Run in parallel mode#

KLIFF supports parallelization over data. It can be run on shared-memory multicore desktop machines as well as HPCs composed of multiple standalone machines connected by a network.

Physics-based models#

We implement two parallelization schemes for physics-based models. The first is suitable to be used on a desktop machine and the second is targed for HPCs.


This scheme uses the multiprocessing module of Python and it can only be used on shared-memory desktop (laptop). It’s straightforward to use: simply set nprocs to the number of processes you want to use when instantiate Loss. For example,

calc = ...  # create calculator
loss = Loss(calc, ..., nprocs=2)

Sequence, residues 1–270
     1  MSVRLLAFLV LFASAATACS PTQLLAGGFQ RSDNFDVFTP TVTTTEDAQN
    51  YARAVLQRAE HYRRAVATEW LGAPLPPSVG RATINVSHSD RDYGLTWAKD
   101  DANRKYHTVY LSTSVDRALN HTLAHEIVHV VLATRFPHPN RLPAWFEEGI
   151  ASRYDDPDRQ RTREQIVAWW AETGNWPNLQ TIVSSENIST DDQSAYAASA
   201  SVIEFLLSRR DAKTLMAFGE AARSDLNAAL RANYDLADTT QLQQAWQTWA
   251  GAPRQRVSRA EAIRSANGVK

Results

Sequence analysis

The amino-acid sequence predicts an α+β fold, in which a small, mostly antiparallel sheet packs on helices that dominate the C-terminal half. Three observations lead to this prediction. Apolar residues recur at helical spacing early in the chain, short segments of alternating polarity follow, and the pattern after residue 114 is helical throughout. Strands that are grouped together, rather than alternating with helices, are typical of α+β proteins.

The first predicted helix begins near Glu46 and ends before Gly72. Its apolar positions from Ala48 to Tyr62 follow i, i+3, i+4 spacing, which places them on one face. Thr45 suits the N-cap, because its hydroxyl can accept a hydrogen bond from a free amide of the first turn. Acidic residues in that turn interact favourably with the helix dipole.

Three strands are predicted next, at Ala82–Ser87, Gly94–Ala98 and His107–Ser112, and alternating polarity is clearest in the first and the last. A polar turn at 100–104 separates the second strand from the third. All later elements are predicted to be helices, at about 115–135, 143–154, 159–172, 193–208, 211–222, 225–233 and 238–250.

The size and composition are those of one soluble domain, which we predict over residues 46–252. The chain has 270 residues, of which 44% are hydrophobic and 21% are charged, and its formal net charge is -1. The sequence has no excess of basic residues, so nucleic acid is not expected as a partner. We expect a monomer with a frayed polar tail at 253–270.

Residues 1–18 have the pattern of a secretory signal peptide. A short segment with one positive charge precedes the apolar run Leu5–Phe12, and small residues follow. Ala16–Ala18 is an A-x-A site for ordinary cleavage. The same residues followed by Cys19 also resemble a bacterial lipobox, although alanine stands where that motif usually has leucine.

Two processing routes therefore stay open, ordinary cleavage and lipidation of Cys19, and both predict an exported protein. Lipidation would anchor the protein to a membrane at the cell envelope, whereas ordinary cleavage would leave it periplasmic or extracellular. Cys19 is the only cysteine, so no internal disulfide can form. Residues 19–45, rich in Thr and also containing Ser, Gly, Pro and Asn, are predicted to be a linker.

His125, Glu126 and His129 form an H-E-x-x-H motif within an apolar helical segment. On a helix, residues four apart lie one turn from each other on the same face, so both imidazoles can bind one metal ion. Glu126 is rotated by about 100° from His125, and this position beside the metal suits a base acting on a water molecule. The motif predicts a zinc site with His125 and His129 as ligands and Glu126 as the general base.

See also

See Train a Stillinger-Weber potential for a full example.


The MPI scheme is targeted for HPCs (of course, it can be used on desktops) and we use the mpi4py Python wrapper of MPI. mpi4py supports OpenMPI and MPICH. Once you have one of the two working, mpi4py can be installed by:

$ pip install mpi4py

See the mpi4py package documentation for more information on how to install it. Once it is successfully installed, we can run KLIFF in parallel. For example, for the tutorial example Train a Stillinger-Weber potential, we can do:

$ mpiexec  -np 2  python


When using this MPI scheme, the nprocs argument passed to Loss is ignored.


We only parallelize the evaluation of the loss during the minimization. As a result, the other parts will be executed multiple times. For example, if kliff.models.Model.echo_model_params() is used, the information of model parameters will be repeated multiple times. If this annoys you, you can let only of process ( say the rank 0 process) to do it by doing something like:

from mpi4py import MPI

rank = MPI.COMM_WORLD.Get_rank()
if rank == 0:

Machine learning models#